Review – Goldilocks and the Three Bears, London Palladium

Friday 13 December 2019

Peter Pan and Snow White are not proper pantomimes according to that doyenne of panto dames Clive Rowe in Time Out. Couldn’t agree more.

The latter was last year’s Palladium pantomime. Goodness knows what Mr Rowe will make of this year’s offering, Goldilocks and the Three Bears.

Yet to Phil, this rarely performed story will always be a pantomime. It was the second one he ever saw, his first was, ahem, Little Miss Muffet. This was, naturally, a few years ago and at the Theatre Royal Bath with Sandy (Can you hear me, mother?) Powell as the dame. How he gasped as the bears’ woodland cottage unfolded to reveal the interior of a two-storey house before his very eyes and how the incredible blue of the linings of the chorus’ costumes forever seared his retinas as the story took a diversion onto a Mississippi paddle steamer. Don’t ask.

But this Palladium offering is really a variety show thinly disguised beneath a veneer of pantomime. There is a rag bag of speciality acts within this circus-themed show, including a cheesily-grinning illusionist, Phil Hitchcock, who does some we-could-see-the-wires floating ball of fire schtick and more impressive stuff with real doves, then there’s The Skating Medini who invite inappropriate objectification whilst doing the kind of things you really shouldn’t try at home. But it is left to an act involving motorcycles which will make your jaw truly drop. Oh and there’s a big number from 42nd Street which is led by a tap dancing Baby Bear (Lauren Stroud). Don’t ask.

We won’t bother you with the plot since they haven’t bothered us with one. The Goldilocks (Sophie Isaacs) story as we know it is dispatched within about three minutes through the nature of song. An adapted version of Donna Summer’s “Hot Stuff” (porridge, geddit?) since you asked. Don’t ask.

The usual rep company of Julian ClaryGary WilmotNigel Havers and Paul Zerdin, are joined by Paul O’Grady who was in the first of these pantos and is again completely eclipsed by Clary, yet he somehow gets top billing. Newbies Matt Baker as Joey the Clown, who appears to be auditioning for the next production of Barnum, and Janine Duvitski who plays Mother Bear as a sex mad swinger. Phil was informed it’s based on her Benidorm character. Don’t fret, there are warnings on the show’s website and you won’t need many fingers to count the number of children in the audience.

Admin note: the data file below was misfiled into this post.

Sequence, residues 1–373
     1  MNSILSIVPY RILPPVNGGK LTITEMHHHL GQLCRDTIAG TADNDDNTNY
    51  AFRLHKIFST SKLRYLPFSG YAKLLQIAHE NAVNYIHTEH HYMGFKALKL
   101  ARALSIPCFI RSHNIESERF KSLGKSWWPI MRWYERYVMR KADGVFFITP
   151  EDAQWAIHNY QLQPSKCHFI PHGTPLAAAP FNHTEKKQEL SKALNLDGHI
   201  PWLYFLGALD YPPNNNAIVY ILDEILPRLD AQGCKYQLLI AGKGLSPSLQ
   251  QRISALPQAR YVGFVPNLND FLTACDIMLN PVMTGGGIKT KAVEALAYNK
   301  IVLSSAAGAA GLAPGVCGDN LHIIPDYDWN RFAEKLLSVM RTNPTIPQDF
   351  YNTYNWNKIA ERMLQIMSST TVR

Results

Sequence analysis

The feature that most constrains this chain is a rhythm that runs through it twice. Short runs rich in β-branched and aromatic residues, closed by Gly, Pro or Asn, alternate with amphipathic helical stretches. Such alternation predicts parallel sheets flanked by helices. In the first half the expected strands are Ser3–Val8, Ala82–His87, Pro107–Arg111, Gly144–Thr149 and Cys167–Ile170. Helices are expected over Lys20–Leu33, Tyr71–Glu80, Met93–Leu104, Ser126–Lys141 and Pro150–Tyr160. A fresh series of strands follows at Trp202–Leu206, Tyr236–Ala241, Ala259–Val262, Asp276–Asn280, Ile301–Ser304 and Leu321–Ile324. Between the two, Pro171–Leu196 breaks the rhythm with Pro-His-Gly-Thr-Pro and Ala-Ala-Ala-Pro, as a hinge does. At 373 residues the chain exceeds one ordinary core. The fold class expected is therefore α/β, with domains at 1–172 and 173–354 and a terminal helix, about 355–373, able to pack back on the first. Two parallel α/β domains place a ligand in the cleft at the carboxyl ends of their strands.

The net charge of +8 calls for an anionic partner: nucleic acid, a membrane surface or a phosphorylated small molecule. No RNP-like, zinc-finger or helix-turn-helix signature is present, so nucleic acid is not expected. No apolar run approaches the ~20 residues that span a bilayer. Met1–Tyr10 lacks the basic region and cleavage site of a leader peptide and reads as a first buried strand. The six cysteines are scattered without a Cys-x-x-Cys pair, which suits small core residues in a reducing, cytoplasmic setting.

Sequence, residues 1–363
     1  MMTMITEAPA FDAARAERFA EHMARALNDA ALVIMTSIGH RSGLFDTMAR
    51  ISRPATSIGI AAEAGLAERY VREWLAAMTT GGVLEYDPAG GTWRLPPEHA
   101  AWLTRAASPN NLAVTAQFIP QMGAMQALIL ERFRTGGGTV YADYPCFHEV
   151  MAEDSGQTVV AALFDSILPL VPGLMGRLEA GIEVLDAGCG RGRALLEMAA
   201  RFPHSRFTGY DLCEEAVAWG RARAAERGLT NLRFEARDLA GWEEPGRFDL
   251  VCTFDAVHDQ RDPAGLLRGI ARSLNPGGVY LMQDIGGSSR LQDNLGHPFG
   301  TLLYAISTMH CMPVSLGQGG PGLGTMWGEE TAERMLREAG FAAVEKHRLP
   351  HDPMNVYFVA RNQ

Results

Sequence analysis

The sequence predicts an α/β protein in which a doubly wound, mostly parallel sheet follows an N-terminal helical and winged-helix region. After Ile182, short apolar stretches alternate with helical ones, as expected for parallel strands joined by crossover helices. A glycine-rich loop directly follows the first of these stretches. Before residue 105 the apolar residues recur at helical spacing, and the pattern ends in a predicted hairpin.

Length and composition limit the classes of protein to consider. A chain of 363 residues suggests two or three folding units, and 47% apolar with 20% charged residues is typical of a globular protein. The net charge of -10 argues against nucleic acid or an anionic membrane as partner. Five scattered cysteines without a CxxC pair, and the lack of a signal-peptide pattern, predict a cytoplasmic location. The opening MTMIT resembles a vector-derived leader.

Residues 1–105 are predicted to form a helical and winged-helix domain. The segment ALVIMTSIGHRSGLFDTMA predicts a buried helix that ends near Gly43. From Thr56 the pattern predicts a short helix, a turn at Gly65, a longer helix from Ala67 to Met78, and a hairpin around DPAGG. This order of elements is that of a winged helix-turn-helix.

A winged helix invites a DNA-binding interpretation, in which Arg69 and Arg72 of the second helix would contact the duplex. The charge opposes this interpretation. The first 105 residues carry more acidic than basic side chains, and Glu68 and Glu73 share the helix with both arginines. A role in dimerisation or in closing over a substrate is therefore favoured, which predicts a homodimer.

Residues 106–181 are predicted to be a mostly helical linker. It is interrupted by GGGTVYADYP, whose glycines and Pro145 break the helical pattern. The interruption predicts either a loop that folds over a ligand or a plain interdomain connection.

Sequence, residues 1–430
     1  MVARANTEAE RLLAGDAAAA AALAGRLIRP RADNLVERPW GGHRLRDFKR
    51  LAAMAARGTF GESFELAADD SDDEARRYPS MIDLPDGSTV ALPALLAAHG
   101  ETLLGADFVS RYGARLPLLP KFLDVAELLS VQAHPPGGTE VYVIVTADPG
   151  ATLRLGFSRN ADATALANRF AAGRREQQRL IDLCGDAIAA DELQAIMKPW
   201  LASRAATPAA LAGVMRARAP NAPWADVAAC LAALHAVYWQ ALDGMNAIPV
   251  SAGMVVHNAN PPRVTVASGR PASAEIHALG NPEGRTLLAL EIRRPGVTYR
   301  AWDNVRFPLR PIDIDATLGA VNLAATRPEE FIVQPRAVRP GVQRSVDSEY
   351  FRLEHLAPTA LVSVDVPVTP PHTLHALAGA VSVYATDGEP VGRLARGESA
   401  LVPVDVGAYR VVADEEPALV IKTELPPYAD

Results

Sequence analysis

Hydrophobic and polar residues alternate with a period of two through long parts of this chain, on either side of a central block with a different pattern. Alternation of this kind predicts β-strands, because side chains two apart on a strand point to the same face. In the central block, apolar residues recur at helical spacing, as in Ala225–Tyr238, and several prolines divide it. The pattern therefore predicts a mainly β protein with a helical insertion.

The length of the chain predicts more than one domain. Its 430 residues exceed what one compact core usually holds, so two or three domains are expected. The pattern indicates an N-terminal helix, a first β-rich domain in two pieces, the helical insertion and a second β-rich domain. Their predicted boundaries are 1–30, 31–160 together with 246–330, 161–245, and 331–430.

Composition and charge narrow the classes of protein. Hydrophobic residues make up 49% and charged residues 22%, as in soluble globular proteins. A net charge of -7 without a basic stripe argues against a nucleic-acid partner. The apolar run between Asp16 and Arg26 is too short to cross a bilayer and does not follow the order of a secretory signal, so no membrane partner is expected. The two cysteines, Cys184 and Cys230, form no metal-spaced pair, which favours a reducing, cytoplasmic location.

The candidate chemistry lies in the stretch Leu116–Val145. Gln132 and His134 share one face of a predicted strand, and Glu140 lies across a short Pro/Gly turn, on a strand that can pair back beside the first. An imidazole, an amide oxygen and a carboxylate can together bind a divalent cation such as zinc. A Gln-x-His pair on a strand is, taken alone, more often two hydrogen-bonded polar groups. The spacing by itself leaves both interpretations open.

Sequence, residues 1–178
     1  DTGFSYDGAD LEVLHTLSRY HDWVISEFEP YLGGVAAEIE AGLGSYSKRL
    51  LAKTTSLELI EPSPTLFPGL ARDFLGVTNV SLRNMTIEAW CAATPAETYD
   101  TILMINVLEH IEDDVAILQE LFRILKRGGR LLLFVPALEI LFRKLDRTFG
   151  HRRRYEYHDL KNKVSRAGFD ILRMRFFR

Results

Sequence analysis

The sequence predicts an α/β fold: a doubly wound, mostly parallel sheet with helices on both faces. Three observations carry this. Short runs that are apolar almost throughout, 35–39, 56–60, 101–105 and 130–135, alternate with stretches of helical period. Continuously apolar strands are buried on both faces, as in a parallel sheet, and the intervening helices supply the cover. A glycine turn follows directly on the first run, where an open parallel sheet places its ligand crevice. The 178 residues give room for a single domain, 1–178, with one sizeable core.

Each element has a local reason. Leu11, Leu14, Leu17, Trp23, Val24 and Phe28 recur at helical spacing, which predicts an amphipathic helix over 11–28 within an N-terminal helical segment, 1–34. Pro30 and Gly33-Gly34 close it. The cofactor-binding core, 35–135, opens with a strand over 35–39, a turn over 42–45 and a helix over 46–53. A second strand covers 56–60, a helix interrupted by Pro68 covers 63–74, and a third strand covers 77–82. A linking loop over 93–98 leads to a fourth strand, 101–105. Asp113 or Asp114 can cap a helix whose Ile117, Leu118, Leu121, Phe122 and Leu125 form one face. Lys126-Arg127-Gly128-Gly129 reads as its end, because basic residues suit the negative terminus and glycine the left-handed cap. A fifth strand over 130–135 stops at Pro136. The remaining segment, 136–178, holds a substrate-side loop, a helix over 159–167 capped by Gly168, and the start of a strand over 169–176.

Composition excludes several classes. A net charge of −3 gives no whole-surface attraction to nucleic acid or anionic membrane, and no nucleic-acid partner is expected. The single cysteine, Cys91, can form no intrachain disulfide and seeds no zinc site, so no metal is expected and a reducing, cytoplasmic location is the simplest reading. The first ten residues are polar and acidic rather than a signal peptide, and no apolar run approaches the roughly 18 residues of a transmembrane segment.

The sets, an assault of flashing lights and primary colours, are gaudier than ever. Anyone suffering from epilepsy or migraines should seek alternative entertainment. Coulrophobics should definitely give it a very wide berth.

Musical theatre references (including The Greatest Showman natch) abound. There are plenty of spectacular set pieces, tounge-twisting routines and absurd animal themed costumes some of which are on and off stage in a flash. You can’t say it’s not lavish. Clary’s circus-themed outfits and gags are even more outrageous than ever. He plays the Ringmaster. No further comment is needed. Further cruelty is heaped upon Havers by making him sweat it out in an enormous Father Bear costume which only Prince Andrew might feel comfortable in. It offers Havers a good comedy walk to play with but little else. Wilmot’s Dame Betty Barnum excels with his/her latest and probably cleverest show-stopping routine.

We ran into one of last year’s panto stars, Charlie Stemp at the back of the stalls. Mary Poppins doesn’t do Tuesdays despite him cheerily telling people not to grass him up for being there.

It may not quite be up there with previous efforts but Clary, Zerdin and Wilmot ensure there’s plenty of hilarity. Surely Aladdin, with all the possibilities for innuendo that title affords must be due next year?

Personally Phil would love to see Little Miss Muffet.




4 Responses to “Review – Goldilocks and the Three Bears, London Palladium”

  1. Michael Says:

    How I love this blog. (Unless “a very wide birth” is a Christmas panto pun about the Virgin Mary, it should be “berth”.)

    Have a fabulous Christmas. X

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